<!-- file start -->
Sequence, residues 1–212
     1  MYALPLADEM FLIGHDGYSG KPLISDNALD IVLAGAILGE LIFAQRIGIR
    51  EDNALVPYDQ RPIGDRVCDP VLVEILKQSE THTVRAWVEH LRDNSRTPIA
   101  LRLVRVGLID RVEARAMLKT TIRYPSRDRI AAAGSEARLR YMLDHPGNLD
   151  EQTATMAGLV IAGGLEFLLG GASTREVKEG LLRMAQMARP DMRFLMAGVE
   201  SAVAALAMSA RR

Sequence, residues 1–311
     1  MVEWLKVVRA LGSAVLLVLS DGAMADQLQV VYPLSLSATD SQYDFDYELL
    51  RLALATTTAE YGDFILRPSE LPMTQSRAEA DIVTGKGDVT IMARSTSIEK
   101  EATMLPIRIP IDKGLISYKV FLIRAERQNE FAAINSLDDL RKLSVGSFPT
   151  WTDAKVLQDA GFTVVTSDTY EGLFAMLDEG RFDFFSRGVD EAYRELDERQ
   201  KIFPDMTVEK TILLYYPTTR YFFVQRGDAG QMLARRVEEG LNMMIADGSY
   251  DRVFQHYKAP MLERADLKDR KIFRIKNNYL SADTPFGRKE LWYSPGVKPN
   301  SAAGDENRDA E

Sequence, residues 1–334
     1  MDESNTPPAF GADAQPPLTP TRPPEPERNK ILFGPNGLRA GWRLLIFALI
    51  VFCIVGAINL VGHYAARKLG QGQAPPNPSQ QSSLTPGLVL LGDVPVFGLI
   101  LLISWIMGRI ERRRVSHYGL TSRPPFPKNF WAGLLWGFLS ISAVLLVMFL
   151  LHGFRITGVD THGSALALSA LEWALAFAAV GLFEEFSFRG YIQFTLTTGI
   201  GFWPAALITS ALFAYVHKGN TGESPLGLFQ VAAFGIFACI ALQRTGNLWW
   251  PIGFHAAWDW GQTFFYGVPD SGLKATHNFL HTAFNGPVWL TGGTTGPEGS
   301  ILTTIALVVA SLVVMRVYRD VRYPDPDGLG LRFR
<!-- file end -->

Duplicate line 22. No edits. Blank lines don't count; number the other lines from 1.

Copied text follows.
   301  ILTTIALVVA SLVVMRVYRD VRYPDPDGLG LRFR